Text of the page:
Grades for each Green Bay Packers position group in win over Lions

The truest measure of greatness is how a team performs when faced with adversity. When Aaron Rodgers was limping on the field in the second half of Sunday’s game against the Detroit Lions, many teammates stepped up their play to help carry this team to the finish line.

Everything was on the line–an NFC North title, a first-round bye, but more importantly a chance to prove they could rise to the occasion and move the football on an elite defense. The Packers failed to do much of anything in Week 3–they needed this game to reverse their fortune heading into the playoffs.

There were some heart-stopping moments throughout, but Green Bay sealed the deal late thanks to some crucial plays by numerous players. With a 30-20 win in the books, let’s take a look at how each position group graded out.


When Aaron Rodgers was down grabbing his calf after suffering a non-contact injury, Packers fans fell silent and hoped their quarterback’s season didn’t just end. Things looked bleak as Rodgers was carted off the field.

Then, just as the Lions tied it up at 14-14, Rodgers walked back out onto the field and allowed Packers fans to relax. Teammates knew Rodgers was in severe pain and the team was struggling, but his return to the field lit a fire under them and led to a turnaround.

The pressure was evident–facing a defense that held him to a lone touchdown earlier in the year and with an NFC North crown on the mind, Rodgers gutted through the pain and delivered with three total touchdowns en route to a win.

It was his third and final touchdown that sealed it–he pushed with his weakened leg across the goal line for the one-yard touchdown run. It increased the Packers’ lead to 28-14 with less than nine minutes to play, a crucial score in a big moment.

There has been plenty of debate about the Most Valuable Player as to who should win the award this year. Many were ready to hand it over to J.J. Watt, but Rodgers’ second half fight and performance on an injured calf are what defines an MVP.

As Rodgers walked off the field, his hand waving to the fans, a great weight had been lifted off his shoulders. This game showed Rodgers can play through pain and lead his team to a crucial win.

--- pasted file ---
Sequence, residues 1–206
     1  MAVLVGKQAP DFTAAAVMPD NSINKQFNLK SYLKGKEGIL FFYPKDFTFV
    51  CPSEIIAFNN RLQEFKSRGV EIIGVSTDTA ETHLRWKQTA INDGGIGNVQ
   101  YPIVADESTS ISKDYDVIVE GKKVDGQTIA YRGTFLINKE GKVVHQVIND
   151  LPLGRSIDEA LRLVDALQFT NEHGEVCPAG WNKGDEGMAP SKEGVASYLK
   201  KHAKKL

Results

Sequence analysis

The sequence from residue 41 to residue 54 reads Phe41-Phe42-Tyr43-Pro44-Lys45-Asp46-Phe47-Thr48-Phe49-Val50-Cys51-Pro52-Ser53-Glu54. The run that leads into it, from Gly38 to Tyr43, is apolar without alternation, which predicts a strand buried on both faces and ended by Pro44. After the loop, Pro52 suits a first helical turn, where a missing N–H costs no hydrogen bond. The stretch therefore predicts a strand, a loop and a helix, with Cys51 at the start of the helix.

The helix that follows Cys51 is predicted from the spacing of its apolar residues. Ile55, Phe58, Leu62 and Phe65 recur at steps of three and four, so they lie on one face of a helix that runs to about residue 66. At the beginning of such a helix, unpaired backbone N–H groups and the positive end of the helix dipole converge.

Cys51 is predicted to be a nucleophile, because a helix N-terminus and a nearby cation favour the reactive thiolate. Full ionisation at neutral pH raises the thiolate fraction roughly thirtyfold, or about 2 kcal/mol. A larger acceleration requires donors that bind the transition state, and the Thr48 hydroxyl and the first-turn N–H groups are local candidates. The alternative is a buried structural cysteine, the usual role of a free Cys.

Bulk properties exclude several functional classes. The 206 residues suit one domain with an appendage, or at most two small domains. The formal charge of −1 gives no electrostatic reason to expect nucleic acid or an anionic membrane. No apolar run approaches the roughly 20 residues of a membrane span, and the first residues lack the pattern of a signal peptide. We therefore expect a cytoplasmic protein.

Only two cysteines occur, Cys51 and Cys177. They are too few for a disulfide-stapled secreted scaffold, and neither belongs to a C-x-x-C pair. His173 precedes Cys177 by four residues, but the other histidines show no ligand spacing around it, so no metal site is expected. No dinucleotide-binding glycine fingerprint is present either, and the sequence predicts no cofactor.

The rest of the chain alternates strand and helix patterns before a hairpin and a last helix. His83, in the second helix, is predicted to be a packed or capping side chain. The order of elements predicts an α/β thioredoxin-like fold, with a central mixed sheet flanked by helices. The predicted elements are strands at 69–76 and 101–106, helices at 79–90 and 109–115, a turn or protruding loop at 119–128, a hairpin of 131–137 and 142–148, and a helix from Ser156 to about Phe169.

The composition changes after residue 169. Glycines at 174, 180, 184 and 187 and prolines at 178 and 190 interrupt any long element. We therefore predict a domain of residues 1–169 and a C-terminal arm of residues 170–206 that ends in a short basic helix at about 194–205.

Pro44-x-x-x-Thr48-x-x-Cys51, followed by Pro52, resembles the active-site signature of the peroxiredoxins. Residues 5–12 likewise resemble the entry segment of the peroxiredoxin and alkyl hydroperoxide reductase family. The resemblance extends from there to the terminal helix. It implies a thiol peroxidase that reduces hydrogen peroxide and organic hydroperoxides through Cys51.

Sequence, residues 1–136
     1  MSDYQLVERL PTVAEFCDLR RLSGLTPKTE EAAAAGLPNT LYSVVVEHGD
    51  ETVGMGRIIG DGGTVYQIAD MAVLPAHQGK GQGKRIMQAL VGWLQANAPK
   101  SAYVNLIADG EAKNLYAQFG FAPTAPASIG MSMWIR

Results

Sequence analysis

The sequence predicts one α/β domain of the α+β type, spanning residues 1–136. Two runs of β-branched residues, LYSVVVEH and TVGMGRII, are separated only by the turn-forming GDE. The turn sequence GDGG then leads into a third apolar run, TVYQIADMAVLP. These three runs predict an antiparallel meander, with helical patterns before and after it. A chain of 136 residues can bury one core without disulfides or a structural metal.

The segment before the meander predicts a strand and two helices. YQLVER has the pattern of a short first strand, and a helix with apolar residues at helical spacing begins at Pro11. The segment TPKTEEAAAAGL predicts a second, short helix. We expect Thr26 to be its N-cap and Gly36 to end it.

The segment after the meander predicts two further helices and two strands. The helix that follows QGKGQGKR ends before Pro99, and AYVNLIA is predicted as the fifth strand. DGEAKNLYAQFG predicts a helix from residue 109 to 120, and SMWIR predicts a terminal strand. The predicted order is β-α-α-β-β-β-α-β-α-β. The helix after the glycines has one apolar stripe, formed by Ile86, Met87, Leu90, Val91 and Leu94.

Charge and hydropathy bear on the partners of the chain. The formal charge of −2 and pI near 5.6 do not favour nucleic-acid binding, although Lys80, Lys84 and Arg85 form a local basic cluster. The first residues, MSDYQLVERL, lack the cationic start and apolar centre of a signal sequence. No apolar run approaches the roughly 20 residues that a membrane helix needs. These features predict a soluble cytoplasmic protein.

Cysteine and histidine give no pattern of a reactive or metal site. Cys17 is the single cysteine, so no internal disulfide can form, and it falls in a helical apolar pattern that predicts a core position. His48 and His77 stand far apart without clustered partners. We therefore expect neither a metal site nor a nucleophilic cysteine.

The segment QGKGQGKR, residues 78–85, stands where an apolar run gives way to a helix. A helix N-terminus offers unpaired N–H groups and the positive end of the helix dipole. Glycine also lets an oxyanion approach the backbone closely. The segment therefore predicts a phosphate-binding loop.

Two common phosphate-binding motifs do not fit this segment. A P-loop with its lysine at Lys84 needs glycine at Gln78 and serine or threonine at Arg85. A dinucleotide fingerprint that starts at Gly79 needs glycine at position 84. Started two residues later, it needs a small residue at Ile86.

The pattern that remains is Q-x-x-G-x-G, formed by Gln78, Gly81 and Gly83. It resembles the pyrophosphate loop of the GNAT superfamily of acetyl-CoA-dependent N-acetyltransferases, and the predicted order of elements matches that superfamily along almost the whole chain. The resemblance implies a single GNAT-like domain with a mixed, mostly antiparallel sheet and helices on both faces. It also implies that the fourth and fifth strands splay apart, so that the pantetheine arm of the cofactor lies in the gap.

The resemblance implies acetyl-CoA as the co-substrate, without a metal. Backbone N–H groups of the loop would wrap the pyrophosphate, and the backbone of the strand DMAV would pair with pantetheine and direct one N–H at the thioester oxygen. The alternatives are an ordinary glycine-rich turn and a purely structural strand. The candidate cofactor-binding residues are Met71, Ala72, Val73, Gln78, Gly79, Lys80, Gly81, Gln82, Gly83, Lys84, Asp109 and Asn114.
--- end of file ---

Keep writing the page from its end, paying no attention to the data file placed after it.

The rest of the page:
Grade: A+

Running back:

“You can’t successfully run the football against the Detroit Lions”–those were probably the words Eddie Lacy remembered as he carried a pile of Lions defenders during a 22-yard run to start the game. It was the beginning of an 100-yard day for the man who could be the difference maker in the playoffs.

Lacy’s one blemish was certainly a big one–he fumbled inside the 20-yard line just as the Packers were on the verge of making it a two-score game early. On the next drive, Mike McCarthy showed faith in his running back by giving him the ball immediately. Lacy broke off a 10-yard run and continued his march to 100 yards. He has talked about issues with his vision in December, but that doesn’t matter much when you have a 230 lb. bowling ball rolling through arm tackles.

He now has a week to rest up after a 26-carry outing, before getting back into the playoffs and providing a great threat against teams who try to play two safeties deep.

Grade: B+

Wide receiver/tight end:

It was a three-man performance by the WR corps this week–if you weren’t Jordy Nelson, Randall Cobb or Richard Rodgers, you were a non-factor.

Nelson had a rematch versus Darius Slay and did a great job moving the chains. Of his team-leading six receptions, three went for first downs, all six were over 10 yards and he also drew a pass interference call in the end zone. Nelson also set the franchise record for receiving yards in a season (1,519), finishing the year with 98 receptions and 13 touchdowns.

Cobb once again played a different role–after being a reception monster against the Buccaneers, he finished with just four catches but was effective with 80 yards and two touchdowns. When the Packers needed a big play Cobb was there to make it–he caught a weak throw from a collapsing Rodgers for the touchdown, then made two big plays upon Rodgers’ return to give the Packers the lead. We might be seeing his final games as a Packer, but he is making them count.

Production out of the tight end has been minimal lately, but Richard Rodgers showed plenty of progression this week making some tough catches over the middle on his way to a 5-40 game. In the past month, Rodgers has mostly been contributing and succeeding as a blocker, but his role changed this week.

If he and fellow rookie Davante Adams can emerge in the playoffs, this will be a difficult offense to stop.

Grade: A-

Offensive line:

Another week brought another standout performance by the offensive line, but this was also another great outing versus a great front-f0ur.